Most sailors follow their own routines, usually superstitions to avoid bad luck. I know one skipper who won’t let his crew bring bananas aboard, and another who refuses to let anyone whistle on the foredeck. But whenever I start a charter trip with family and friends, I have one routine that seems to guarantee good fortune: I serve grilled lamb chops for our first dinner onboard.
I’ve grilled these tasty morsels while anchored in the islands of Washington, British Columbia, California and, most recently, the British Virgin Islands. We always try to sleep aboard the night before a charter, so there’s plenty of time to marinate the chops for the following night’s dinner. Giving the meat a full 24 hours to marinate brings out the tastes that will dazzle your family and guests. We usually serve the chops with baby red potatoes and a steamed green vegetable. And because we’re Californians, we pour a proud zinfandel and toast our good fortune at once again starting a charter trip with good friends and good food.
Grilled Lamb Chops Dijon Recipe
Makes Six Servings
- 6 lamb chops (either loin or rib)
- Ground black pepper, to taste
- 3 teaspoons dried rosemary, crushed
- 3 tablespoons garlic, crushed
- 6 tablespoons Dijon mustard /Users/elawson/Desktop/heesen-tout.jpg
- 3 tablespoons lemon juice
- 2 tablespoons dry sherry
- 2 tablespoons low-sodium soy sauce
- 4 tablespoons olive oil
- 1 teaspoon ground sage
Rinse and dry chops. Grind black pepper onto chops and sprinkle with half of the crushed rosemary. Firmly press into the meat. Smear half the crushed garlic and then half the Dijon mustard over the chops. Pat the paste with your fingers so it sticks to the meat. Turn chops over and repeat process on the other side. Put the coated chops into a resealable bag and add lemon juice, sherry, soy sauce, olive oil and sage. Massage the air out of the bag; zip it shut. Place bag in the ice chest or refrigerator overnight, turning a couple of times to evenly distribute marinade. (If you can’t marinate overnight, do so at room temperature for two to three hours.) Preheat grill until hot. Grill chops about eight minutes per side for medium-rare meat. Each grill differs, so check meat often to avoid overcooking. When chops are done, set on a warmed plate. Tent with aluminum foil and let meat rest for at least 10 minutes while you steam the vegetables, open the red wine, and call your guests to the table.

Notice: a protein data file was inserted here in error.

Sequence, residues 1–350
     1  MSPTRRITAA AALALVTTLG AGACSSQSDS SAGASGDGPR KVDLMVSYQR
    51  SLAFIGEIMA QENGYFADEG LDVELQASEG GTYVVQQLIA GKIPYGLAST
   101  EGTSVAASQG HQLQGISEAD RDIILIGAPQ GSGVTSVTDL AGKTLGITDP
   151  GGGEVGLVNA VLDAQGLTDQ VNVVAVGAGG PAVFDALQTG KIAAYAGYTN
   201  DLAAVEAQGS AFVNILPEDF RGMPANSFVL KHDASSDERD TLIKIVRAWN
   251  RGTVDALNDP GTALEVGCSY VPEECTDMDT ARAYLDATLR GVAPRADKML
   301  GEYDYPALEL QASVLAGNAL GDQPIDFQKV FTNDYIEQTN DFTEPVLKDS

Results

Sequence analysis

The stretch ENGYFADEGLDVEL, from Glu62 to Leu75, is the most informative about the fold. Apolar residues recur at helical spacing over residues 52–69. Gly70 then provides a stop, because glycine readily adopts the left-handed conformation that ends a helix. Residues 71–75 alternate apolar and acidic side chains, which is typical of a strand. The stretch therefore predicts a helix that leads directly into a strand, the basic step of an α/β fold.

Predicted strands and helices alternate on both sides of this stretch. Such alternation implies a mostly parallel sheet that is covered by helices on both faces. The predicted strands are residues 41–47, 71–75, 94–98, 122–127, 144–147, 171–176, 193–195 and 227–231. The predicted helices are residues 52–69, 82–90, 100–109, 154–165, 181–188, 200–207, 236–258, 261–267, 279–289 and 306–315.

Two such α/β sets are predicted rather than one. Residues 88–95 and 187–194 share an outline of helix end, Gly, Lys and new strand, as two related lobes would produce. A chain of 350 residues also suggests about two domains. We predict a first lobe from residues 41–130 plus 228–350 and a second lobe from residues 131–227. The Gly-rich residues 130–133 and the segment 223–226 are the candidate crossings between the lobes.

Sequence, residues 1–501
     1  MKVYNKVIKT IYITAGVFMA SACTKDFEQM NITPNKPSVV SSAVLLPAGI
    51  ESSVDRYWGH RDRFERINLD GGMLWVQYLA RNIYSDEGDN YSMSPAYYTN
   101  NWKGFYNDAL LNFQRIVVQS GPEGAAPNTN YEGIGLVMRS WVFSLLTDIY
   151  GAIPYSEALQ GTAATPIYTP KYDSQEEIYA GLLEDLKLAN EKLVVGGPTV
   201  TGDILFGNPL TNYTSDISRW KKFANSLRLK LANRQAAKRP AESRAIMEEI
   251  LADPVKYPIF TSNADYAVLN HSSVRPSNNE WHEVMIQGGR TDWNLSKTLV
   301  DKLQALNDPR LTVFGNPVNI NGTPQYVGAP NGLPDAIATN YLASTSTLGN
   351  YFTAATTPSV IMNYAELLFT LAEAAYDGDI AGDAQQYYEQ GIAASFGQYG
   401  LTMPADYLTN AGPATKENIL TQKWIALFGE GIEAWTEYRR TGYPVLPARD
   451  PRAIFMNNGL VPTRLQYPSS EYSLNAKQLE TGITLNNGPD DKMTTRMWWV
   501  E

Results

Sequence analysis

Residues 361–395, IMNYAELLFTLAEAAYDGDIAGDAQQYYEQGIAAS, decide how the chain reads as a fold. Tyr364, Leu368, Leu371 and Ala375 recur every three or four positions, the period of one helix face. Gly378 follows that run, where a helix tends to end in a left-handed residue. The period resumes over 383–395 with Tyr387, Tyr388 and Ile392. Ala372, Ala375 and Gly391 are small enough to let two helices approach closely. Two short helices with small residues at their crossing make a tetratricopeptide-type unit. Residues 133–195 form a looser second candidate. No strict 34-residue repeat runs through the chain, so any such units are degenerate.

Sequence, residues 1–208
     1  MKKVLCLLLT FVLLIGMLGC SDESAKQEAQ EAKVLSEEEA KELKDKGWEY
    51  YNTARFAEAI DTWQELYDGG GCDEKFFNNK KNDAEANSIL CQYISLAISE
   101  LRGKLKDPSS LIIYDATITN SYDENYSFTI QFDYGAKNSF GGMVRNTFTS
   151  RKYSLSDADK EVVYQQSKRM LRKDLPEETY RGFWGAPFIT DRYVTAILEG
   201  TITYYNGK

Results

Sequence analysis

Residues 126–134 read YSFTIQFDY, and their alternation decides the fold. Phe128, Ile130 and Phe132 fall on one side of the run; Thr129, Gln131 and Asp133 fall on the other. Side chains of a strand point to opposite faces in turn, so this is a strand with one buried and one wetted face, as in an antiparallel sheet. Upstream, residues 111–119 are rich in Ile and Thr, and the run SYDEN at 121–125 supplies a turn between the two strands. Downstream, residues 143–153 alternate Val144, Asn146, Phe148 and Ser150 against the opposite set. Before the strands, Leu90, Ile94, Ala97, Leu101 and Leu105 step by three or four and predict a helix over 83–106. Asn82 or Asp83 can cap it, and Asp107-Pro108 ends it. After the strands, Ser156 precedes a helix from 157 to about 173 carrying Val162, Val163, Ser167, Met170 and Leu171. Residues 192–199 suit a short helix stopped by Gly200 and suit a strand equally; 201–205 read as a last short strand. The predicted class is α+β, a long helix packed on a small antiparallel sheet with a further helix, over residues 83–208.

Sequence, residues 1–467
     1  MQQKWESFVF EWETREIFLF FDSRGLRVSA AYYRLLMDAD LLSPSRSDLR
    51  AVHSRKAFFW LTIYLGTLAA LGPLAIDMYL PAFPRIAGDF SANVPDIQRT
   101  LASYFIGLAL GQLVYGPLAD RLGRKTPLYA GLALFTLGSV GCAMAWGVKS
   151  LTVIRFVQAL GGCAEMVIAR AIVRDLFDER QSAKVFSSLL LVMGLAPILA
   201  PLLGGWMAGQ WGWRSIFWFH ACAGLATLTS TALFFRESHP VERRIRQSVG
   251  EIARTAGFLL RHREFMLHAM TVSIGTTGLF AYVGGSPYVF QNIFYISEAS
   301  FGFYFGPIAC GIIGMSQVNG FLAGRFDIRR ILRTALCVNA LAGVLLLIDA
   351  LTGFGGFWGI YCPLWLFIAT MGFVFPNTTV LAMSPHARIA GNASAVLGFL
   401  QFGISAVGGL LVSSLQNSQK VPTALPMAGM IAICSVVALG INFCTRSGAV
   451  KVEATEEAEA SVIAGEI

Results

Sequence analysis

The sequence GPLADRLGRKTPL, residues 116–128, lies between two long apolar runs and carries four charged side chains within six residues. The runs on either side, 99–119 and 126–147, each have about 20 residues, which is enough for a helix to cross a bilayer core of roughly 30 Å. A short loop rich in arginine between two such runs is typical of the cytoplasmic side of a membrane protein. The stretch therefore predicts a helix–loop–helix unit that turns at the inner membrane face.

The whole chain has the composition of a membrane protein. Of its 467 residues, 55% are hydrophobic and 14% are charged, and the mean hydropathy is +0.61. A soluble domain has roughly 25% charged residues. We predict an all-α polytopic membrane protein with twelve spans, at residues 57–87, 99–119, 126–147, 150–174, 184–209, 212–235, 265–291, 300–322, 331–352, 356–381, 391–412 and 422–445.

Can be prepared at anchor, prep time is 4-8 hours, easy to prepare.
Tips for Great Grilled Chops
- Always bring chops to room temperature before grilling for faster and more consistent cooking.
- Turn chops with tongs, not a fork, to avoid piercing meat.
- Trim excess fat before grilling to avoid flare-ups. (Leave a bit on for added flavor).
- Always let meat rest for a few minutes before serving to enhance flavor.
- Grills differ; when in doubt, use a meat thermometer. Internal temperature for medium-rare meat is 125 to 130 degrees F. For well-done chops, internal temperature should be 160 degrees F.
-Lynda Morris Childress